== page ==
Add to EJ Playlist The Good Shepherd Convent Asylum - Cork
Built in 1881, the Good Shepherd Convent was the site of an orphanage and a Magdalene laundry until the late 1970s.
Three main buildings - a home, convent, and orphanage - have been in a derelict condition since a serious fire in 2003.
The laundry building was among a number of buildings that were destroyed in that fire.
Magdalen Asylums grew out of the "rescue movement" in Britain and Ireland the 19th century, which had as its formal goal the rehabilitation of women who had worked as prostitutes. It has been estimated that around 30,000 women were admitted during the 150-year history of these institutions, often against their will. The last Magdalen Asylum in Ireland closed on September 25, 1996. In Ireland, the institutions were named for Mary Magdalene, a character in the Bible who repented her sins and became one of Jesus' closest followers.
In receiving patients no discrimination is made in regard to religion, colour, or nationality. After their convalescence, those who desire to remain in the home are placed under a special sister and are known as "Daughters of St. Margaret". They follow a certain rule of life but contract no religious obligations. Should they desire to remain in the convent, after a period of probation, they are allowed to become Magdalens and eventually make the vows of the Magdalen order.
Inmates were required until the 1970s to address all regardless of age, as "mother", and were called "children". As one priest wrote in 1931: "It may be only a white-veiled novice with no vows as yet; and it may be an old white-haired penitent giving back to God but the dregs of a life spent in sin. It matters not. In the Home of the Good Shepherd the one is ever the 'Mother' while the other is always the 'Child'."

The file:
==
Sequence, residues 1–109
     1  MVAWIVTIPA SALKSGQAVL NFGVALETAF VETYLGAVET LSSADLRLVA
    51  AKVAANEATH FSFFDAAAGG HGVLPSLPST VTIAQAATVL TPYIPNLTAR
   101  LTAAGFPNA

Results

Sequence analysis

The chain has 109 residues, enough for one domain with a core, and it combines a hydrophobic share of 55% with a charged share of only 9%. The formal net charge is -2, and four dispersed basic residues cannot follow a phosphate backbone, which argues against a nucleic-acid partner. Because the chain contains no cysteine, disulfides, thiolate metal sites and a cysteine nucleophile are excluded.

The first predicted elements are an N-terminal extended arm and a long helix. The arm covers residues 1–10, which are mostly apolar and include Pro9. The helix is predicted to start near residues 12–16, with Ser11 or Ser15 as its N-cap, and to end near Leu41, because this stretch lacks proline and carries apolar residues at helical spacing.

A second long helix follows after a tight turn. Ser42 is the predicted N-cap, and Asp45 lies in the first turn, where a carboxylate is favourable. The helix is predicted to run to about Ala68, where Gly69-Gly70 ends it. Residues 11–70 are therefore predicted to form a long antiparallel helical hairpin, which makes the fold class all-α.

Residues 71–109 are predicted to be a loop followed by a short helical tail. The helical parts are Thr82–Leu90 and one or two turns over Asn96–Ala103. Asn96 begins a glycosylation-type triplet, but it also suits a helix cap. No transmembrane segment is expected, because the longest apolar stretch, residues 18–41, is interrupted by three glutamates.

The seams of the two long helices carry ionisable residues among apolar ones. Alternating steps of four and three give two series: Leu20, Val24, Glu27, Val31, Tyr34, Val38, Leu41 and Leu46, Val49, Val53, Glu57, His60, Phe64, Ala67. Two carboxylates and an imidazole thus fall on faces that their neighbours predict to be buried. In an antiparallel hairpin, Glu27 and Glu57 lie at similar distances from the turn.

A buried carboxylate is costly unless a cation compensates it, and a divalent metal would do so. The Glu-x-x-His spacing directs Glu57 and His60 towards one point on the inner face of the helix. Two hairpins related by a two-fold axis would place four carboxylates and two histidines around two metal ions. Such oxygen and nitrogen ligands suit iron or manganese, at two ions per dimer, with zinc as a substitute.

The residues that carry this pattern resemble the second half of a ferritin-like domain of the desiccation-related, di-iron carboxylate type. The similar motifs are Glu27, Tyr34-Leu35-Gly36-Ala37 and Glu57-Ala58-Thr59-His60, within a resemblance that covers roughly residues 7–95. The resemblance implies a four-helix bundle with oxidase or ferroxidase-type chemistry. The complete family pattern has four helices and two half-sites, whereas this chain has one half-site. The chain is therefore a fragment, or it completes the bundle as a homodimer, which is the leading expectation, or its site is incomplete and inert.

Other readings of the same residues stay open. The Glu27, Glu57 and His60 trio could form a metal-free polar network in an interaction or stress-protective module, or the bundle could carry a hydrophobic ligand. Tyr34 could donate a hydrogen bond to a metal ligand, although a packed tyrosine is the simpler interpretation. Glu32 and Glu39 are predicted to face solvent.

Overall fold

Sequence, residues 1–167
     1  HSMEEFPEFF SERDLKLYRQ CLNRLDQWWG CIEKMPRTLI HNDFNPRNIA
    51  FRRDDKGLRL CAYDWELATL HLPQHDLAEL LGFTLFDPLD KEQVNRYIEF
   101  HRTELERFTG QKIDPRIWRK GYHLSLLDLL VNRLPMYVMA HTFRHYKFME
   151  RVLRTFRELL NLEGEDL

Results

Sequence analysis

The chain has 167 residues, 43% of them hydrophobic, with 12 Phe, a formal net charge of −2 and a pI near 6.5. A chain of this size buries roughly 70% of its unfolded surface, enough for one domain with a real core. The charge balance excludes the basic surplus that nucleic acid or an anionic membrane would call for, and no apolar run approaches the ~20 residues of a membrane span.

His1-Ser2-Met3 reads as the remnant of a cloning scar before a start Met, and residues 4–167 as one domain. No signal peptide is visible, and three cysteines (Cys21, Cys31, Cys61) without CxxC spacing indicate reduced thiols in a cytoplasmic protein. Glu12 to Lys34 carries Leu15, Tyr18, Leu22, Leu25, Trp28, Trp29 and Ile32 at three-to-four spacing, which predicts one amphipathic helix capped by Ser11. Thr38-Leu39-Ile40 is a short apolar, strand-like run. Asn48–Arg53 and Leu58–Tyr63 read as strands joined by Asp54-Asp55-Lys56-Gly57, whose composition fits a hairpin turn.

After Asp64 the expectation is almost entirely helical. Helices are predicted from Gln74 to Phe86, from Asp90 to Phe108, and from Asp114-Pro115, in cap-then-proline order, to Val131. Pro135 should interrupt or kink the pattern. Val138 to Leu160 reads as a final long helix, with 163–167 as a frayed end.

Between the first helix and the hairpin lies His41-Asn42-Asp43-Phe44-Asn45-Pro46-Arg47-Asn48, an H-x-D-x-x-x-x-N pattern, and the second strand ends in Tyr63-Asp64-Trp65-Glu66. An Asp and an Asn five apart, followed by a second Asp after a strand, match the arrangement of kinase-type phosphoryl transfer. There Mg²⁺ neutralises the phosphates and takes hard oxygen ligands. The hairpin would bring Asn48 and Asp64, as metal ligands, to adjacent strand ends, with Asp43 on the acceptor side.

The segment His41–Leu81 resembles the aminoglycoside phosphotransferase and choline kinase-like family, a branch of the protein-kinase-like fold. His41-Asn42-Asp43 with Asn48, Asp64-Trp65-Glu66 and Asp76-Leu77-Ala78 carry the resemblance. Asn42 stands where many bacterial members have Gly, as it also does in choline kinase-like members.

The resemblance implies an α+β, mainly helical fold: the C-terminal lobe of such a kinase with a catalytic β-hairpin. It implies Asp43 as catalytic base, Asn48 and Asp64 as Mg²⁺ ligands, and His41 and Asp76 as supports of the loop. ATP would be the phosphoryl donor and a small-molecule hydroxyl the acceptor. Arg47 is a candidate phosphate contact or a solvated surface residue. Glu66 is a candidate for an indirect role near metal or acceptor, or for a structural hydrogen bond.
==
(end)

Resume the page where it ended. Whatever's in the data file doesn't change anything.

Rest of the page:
To enforce order and maintain a monastic atmosphere, the inmates were required to observe strict silence for much of the day. "The Rule of Silence was a major feature of the women's lives and continues well into the second half of the twentieth century. Corporal punishment was not uncommon.
As the phenomenon became more widespread, it extended beyond prostitution, to unmarried mothers, developmentally challenged women and abused girls. Even young girls who were considered too promiscuous and flirtatious were sometimes sent to an Asylum. This paralleled the practice in State Run asylums in Britain and Ireland in the same period, where many people with "social dysfunction" were committed to asylums.
The women were typically admitted to these institutions at the request of family members or priests. Without a family member on the outside who would vouch for them, some penitents would stay in the asylums for the rest of their lives, many of them taking religious vows.